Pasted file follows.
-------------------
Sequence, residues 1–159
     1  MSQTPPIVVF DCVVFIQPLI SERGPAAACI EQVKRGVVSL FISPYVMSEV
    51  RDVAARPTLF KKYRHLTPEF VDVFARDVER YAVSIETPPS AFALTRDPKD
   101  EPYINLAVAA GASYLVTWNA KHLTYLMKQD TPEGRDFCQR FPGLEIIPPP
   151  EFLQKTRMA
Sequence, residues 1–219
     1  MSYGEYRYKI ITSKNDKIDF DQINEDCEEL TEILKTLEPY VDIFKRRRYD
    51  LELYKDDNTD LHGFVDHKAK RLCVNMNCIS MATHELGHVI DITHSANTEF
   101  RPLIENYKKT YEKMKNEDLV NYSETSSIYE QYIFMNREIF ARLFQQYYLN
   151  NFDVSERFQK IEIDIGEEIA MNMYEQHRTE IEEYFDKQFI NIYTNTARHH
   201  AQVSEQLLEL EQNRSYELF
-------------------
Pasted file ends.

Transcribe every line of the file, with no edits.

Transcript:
Sequence, residues 1–159
     1  MSQTPPIVVF DCVVFIQPLI SERGPAAACI EQVKRGVVSL FISPYVMSEV
    51  RDVAARPTLF KKYRHLTPEF VDVFARDVER YAVSIETPPS AFALTRDPKD
   101  EPYINLAVAA GASYLVTWNA KHLTYLMKQD TPEGRDFCQR FPGLEIIPPP
   151  EFLQKTRMA
Sequence, residues 1–219
     1  MSYGEYRYKI ITSKNDKIDF DQINEDCEEL TEILKTLEPY VDIFKRRRYD
    51  LELYKDDNTD LHGFVDHKAK RLCVNMNCIS MATHELGHVI DITHSANTEF
   101  RPLIENYKKT YEKMKNEDLV NYSETSSIYE QYIFMNREIF ARLFQQYYLN
   151  NFDVSERFQK IEIDIGEEIA MNMYEQHRTE IEEYFDKQFI NIYTNTARHH
   201  AQVSEQLLEL EQNRSYELF